Beginning today we’ll be publishing Premature Evaluations more frequently, and in a briefer format. These posts will also feature point ratings via a 5 Star System, but we’ll consider a more flexible alternative down the road. You should submit your own album rating (and hopefully a comment explaining your rationale) after you read our review and hear the album, which (as always) is out on the Internet if it’s being Premature Evaluated here.
The departure of multi-tasking vocalist Tyondai Braxton created a hole that Battles spend the duration of their sophomore full-length Gloss Drop filling — with various guests. You’ve likely heard the sunny, funky, sweetly titled (and almost too poppy) lead track “Ice Cream” with Chilean-born Kompakt-associated producer Matias Aguayo. It’s the album’s red herring. Elsewhere Gary Numan is Gary Numan on the noisier, more fulfilling “My Machines,” Blonde Redhead’s Kazu Makino does up-tempo sultry on “Sweetie & Shag,” and Yamantaka Eye goes off (but maybe not off enough) for closer “Sundrome.” There are also eight head nodding instrumentals that offer some of Gloss Drop’s most satisfying excursions — see the swinging, polished, blown-out quasi-Caribbean vibe of the 16+ minute triad of “Futura,” “Inchworm,” and “Wall Street,” their steel-drummed aesthetic cousins “Dominican Fade” and “White Electric,” the briefly heartbreaking “Toddler.” In fact, Ian Williams, Dave Konopka, and John Stanier are so obviously capable of carrying a tune by their lonesome, and inserting a huge emotional weight without words, that you have to wonder if — outside Newman, moments of Eye (who could’ve easily been inserted as a sample) — adding the occasional outside vocal chords was worth the effort.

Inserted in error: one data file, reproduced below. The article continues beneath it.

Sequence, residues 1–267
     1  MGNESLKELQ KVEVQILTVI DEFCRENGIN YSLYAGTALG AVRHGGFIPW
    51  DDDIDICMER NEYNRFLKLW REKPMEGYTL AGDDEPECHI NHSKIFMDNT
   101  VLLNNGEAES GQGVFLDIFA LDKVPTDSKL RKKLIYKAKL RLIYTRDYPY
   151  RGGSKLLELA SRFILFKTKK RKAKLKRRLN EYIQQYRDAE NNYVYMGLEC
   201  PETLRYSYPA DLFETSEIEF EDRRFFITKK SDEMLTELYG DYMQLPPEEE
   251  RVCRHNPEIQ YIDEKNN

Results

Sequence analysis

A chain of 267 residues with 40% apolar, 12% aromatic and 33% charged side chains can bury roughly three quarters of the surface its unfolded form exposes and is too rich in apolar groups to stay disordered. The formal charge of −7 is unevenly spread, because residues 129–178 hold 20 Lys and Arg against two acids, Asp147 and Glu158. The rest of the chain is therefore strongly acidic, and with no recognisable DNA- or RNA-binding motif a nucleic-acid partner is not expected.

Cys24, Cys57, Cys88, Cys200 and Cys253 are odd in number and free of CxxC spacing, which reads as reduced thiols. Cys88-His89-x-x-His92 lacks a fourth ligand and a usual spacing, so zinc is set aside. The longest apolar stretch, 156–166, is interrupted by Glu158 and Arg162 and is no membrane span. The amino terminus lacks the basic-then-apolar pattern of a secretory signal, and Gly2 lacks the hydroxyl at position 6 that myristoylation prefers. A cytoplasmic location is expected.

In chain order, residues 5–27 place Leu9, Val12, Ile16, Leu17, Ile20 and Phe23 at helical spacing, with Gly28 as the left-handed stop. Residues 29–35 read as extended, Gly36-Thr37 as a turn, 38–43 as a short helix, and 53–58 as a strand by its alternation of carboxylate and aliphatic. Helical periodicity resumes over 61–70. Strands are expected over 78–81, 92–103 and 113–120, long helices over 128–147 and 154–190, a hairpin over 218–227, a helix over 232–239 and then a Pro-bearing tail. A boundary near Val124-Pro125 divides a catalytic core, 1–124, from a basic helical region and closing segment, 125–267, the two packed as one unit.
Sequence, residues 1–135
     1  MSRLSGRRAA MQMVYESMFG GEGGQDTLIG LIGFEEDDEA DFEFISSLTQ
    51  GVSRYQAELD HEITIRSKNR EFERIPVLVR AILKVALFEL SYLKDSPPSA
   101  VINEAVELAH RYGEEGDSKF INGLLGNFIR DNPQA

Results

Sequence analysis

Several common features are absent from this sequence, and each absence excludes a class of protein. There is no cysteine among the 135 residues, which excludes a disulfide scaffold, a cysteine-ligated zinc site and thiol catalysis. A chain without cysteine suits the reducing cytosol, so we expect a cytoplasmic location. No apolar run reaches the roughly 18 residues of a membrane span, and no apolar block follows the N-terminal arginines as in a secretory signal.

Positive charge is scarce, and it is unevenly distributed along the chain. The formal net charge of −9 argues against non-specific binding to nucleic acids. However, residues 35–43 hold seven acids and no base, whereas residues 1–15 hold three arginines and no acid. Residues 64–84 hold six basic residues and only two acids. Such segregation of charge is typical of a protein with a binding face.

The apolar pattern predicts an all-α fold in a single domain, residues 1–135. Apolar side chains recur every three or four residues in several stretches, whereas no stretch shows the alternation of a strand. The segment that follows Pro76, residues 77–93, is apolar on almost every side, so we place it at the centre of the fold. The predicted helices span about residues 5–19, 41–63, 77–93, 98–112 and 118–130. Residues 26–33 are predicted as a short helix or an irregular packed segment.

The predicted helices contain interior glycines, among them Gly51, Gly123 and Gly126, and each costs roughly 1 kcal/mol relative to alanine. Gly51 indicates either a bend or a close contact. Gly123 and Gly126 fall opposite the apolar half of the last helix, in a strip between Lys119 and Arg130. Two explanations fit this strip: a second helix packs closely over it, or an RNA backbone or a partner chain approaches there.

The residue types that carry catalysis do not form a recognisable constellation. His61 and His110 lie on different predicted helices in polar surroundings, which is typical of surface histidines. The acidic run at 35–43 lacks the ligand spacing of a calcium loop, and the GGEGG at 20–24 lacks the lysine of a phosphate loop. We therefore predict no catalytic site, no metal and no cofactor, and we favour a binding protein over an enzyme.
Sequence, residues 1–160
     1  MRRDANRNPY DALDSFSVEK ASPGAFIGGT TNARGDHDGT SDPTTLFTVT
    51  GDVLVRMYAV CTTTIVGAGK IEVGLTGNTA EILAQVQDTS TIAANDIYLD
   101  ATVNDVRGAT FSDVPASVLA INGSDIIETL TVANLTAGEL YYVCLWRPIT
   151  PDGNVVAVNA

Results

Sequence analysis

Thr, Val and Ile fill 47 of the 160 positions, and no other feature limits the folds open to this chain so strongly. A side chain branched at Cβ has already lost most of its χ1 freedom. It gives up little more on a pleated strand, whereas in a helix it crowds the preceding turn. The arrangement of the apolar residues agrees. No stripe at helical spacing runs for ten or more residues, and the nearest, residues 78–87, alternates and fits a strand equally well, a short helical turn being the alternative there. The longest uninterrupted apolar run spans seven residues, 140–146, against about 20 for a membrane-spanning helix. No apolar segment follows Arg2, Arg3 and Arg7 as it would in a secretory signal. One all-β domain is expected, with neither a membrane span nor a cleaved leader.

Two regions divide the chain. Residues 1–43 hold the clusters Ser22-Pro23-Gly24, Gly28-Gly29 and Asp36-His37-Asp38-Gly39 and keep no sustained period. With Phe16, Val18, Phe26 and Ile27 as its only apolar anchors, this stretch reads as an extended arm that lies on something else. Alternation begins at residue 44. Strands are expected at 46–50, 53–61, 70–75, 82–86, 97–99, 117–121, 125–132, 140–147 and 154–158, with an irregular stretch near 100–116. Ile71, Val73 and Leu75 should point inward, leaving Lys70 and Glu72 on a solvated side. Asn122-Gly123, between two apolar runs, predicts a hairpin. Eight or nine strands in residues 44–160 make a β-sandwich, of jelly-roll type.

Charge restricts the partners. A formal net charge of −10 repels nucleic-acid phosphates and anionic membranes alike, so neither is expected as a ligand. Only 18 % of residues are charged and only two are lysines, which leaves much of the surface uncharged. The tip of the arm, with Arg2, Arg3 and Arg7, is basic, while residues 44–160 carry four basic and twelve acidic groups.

STEREOGUM EDITORS’ RATING:
STEREOGUM READERS’ RATING:
Gloss Drop is out 6/7 via Warp.